The noble Earl had entirely confused the dates. The document to which the noble Earl referred was received at the Colonial Office, not in July last, but in February last. This question was undoubtedly not taken up by the Government at the commencement of the Session; but was that any reason why the Government should not endeavour to pass a Bill on the subject before the Session closed? He would tell the noble Earl why it had been delayed. He (the Duke of Newcastle) was anxious to have the fullest concurrence of the Earl of Elgin, the Governor General of the Colony, before he recommended the Government to introduce a Bill of this kind. He was now in a position to state that he had that noble Earl’s sanction to this measure; and he could not for a moment think that the Earl of Elgin would be a party to consent to the sacrifice of the monarchy of England, or to the constitution of Canada being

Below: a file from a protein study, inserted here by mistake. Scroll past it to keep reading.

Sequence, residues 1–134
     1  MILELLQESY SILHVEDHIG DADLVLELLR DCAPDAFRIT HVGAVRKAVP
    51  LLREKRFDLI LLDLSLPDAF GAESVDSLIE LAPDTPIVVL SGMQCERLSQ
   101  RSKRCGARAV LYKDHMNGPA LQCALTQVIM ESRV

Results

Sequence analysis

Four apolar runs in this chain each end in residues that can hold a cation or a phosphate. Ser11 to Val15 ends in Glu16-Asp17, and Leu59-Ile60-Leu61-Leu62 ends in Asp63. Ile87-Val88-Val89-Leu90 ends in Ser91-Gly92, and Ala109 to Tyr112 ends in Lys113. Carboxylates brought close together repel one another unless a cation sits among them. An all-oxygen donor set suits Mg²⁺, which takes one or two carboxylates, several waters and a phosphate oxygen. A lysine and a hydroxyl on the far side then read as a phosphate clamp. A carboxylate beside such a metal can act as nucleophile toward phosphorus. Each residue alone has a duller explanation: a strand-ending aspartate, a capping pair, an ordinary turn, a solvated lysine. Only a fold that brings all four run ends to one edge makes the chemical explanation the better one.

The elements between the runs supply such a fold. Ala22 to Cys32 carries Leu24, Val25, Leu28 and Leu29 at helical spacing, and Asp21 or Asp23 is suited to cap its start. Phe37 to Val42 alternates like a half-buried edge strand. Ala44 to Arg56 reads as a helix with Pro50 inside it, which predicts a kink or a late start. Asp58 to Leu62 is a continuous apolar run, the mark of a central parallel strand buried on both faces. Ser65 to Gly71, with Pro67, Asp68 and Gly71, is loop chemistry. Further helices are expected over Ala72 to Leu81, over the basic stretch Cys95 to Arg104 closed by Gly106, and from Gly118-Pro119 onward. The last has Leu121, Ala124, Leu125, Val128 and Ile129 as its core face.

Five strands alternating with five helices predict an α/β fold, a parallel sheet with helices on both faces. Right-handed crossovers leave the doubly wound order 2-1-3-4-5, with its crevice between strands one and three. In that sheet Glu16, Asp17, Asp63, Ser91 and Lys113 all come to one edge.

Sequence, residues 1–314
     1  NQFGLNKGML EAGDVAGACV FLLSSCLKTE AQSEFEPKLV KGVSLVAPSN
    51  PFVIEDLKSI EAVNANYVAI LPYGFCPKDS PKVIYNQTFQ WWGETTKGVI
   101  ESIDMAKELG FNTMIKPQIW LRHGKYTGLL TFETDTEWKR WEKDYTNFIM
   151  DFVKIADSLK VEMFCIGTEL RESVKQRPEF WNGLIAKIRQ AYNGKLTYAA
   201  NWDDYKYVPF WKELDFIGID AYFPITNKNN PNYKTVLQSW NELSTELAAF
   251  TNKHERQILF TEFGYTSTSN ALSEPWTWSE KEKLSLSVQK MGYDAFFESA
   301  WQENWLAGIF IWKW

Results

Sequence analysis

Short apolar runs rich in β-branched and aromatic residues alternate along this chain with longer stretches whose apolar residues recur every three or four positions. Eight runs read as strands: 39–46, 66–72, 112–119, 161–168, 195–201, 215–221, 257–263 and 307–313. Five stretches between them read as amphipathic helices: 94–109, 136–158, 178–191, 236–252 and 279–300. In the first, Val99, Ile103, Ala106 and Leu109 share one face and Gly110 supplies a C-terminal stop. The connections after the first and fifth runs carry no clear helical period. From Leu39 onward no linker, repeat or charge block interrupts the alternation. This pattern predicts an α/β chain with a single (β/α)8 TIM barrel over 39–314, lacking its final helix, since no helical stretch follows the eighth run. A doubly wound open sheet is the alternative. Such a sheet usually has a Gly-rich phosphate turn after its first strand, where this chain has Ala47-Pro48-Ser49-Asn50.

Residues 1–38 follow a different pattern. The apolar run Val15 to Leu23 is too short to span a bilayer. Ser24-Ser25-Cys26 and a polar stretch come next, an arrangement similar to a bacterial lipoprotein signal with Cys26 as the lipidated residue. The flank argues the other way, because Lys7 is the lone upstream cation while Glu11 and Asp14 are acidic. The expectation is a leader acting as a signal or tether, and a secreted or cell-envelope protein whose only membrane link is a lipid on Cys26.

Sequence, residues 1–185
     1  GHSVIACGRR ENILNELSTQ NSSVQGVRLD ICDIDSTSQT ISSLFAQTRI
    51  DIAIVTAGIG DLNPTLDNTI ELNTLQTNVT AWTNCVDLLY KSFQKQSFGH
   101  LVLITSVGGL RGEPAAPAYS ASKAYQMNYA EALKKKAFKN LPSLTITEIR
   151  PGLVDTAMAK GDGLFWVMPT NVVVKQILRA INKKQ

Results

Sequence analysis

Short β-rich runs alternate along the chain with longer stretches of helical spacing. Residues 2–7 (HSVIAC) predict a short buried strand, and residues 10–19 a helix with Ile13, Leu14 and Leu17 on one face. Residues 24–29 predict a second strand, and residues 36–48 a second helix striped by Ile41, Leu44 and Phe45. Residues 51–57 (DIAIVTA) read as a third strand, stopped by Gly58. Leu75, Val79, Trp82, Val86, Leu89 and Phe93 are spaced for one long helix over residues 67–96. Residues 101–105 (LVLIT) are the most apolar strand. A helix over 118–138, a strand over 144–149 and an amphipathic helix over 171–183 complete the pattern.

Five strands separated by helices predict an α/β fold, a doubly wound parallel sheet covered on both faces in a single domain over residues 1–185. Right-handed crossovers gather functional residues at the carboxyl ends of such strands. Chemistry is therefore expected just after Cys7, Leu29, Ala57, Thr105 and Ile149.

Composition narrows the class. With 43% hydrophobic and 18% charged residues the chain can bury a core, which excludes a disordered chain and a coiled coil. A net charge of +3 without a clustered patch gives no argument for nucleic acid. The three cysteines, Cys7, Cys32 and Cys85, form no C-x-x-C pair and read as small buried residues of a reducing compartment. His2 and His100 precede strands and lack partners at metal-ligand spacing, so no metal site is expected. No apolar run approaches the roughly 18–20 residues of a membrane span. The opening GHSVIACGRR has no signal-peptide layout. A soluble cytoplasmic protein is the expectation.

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changed into a republic or a democracy. He thought it very unfair on the part of the noble Earl (the Earl of Derby) to make the request for the postponement of this Bill in the terms and the manner he had done. It was obviously the intention of the noble Earl, in taking that course, to raise a prejudice against that Bill, for the purpose of taking the benefit of that prejudice on a future occasion. He (the Duke of Newcastle) felt the inconvenience of postponing the Bill at this time, but sooner than allow the noble Earl the pretence for afterwards saying that he bad pressed on the measure with anything like undue haste, he would, however unfair and uncandid had been the manner of the noble Earl towards him on this occasion—as indeed it usually was—consent to postpone the Committee on the Bill to that day week.